Starting at 1999 isn't arbitrary: as Luboš Motl notes, 1998 was a "famously warm El Nino year," inclusion of which could obscure long-term trends. Motl continues:
But even if you begin with a cooler La Nina year 1999, as I did, you obtain a cooling trend in the average U.S. temperatures during the last 10 years. Because some infrequent readers may have problems to interpret these words, let me emphasize that this cooling means that there has been no warming in the U.S. for 10 years.The Baltimore Examiner wonders:
I am (and the data are) not only questioning the heavenly huge, urgent, catastrophically accelerating, and global eco-socialism demanding rate of global warming but the very existence of global warming and the sanity of all people who believe this myth.
In fact, there has been a cooling, and a rather fast one that would subtract 2.7 °C per century if it continued by the same rate (and it surely won't).
Furthermore, this cooling cannot really be explained by ENSO dynamics (El Nino and La Nina episodes) because the ENSO episodes are distributed pretty much symmetrically in the last decade. This 10-year period began with a La Nina and it ended with a La Nina.
Now, indeed, other continents would lead to different conclusions. But let me mention that these conclusions wouldn't be radically different and moreover, 90% of Americans don't care about the temperatures anywhere outside the U.S.
There's been a cooling in the last 10 years which means that even if there exists an underlying warming trend, it will take many decades before this warming emerges out of the "noise" that we must assume to exist in order to avoid a direct falsification of the global warming hypothesis by the evidence above.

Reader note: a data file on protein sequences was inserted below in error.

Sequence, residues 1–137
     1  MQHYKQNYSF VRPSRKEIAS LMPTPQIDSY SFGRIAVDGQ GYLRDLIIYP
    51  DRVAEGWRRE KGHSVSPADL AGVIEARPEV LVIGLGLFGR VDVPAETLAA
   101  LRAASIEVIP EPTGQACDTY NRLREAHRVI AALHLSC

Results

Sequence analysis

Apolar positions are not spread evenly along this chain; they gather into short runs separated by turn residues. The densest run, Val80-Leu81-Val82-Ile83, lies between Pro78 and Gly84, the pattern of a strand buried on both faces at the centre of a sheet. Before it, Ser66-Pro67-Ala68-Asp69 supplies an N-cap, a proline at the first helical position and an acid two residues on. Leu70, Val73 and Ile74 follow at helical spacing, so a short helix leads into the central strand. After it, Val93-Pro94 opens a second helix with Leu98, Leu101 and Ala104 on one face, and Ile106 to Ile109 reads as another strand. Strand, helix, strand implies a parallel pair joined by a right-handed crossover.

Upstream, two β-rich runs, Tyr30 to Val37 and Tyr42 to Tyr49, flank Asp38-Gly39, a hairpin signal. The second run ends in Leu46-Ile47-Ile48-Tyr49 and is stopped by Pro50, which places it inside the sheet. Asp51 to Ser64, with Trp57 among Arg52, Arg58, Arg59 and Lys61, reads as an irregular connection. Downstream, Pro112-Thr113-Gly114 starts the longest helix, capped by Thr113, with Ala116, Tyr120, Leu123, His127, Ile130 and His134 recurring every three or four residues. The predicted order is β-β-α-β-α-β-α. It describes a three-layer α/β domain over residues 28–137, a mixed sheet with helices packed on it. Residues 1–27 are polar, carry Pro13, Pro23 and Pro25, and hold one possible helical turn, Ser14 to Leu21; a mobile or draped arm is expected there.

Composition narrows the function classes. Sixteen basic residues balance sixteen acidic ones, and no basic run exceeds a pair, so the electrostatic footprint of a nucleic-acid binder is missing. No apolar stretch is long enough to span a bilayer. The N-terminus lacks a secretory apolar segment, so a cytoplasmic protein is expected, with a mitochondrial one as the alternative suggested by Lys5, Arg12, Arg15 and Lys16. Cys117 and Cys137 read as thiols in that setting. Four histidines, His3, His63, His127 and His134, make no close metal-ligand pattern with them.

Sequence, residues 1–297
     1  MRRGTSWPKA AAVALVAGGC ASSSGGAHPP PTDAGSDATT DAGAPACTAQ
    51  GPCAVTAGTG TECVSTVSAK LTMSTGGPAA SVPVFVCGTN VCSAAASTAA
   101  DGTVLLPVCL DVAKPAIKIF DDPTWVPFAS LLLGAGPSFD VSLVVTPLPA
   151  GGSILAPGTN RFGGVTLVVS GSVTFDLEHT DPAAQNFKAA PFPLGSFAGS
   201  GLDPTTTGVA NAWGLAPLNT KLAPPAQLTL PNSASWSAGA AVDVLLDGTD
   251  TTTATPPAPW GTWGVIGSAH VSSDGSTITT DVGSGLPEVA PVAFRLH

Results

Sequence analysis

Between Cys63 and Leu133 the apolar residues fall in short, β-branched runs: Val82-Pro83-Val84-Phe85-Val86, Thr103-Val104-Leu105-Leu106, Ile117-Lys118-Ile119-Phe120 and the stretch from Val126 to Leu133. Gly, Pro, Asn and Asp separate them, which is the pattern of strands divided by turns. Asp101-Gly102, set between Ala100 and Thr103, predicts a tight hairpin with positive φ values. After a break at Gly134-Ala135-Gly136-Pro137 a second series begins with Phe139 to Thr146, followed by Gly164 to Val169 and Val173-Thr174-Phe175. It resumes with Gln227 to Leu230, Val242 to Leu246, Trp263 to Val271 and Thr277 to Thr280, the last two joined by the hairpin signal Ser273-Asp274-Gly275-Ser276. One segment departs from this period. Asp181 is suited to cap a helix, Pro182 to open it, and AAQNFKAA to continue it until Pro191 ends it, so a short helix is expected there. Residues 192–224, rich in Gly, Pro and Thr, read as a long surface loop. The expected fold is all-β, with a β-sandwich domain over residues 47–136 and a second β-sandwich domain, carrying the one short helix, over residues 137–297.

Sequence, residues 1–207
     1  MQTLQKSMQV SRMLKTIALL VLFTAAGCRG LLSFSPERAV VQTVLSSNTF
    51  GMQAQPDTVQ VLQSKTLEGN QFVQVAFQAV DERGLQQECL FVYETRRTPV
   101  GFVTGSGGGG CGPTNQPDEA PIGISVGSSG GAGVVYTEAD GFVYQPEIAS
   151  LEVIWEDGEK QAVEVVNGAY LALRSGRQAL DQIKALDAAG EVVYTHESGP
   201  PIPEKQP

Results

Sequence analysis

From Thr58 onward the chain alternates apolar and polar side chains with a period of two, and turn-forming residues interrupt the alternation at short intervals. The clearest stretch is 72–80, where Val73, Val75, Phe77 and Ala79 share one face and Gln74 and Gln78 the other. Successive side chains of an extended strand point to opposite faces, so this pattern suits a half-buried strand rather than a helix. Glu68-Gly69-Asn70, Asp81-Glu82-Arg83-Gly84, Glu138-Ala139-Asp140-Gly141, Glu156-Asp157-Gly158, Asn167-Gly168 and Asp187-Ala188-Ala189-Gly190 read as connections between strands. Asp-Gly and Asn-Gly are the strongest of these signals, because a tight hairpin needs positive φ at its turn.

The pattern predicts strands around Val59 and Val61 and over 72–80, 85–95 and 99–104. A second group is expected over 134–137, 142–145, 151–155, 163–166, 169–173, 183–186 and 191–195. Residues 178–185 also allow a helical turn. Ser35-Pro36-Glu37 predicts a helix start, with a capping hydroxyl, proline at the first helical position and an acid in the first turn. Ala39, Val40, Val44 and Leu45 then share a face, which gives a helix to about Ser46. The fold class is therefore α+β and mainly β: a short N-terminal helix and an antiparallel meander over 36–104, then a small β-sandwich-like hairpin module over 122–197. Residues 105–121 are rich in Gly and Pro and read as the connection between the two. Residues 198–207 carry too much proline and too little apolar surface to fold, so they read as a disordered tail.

The "scientific consensus" that Al Gore and his fellow global warming alarmists rely upon to force radical changes in how Americans live and work is being unraveled by Mother Nature. . .See also Bjørn Lomborg's advice for Obama.
"For how many years must the planet cool before we begin to understand that the planet is not warming?" asked David Gee, chairman of the 2008 International Geological Congress' science committee.
That's an excellent question for President-elect Barack Obama, who promised mandatory caps on carbon emissions and a new international global warming treaty. After meeting with Gore recently, Obama proclaimed: "The time for delay is over; the time for denial is over. We all believe what the scientists have been telling us for years."
Which scientists? Does Obama believe more than 650 current and former members of the U.N. Intergovernmental Panel on Climate Change who are now publicly questioning the non-scientist Gore's major premise? Or Norwegian Nobel physicist Ivar Giaever, who declared himself a global warming skeptic, as did Joanne Simpson, the first woman in the world to receive a Ph.D. in meteorology? Or the scientists who point out that "100 percent" of the 20th century global warming signal comes from man-made "adjustments" made to a computer model at NASA's Goddard Institute?
There is no scientific consensus that human activity is causing global warming. The IPCC's own climate change models predicted rising temperatures for this year, but those actually recorded fall short of the predictions.
(via Planet Gore, twice)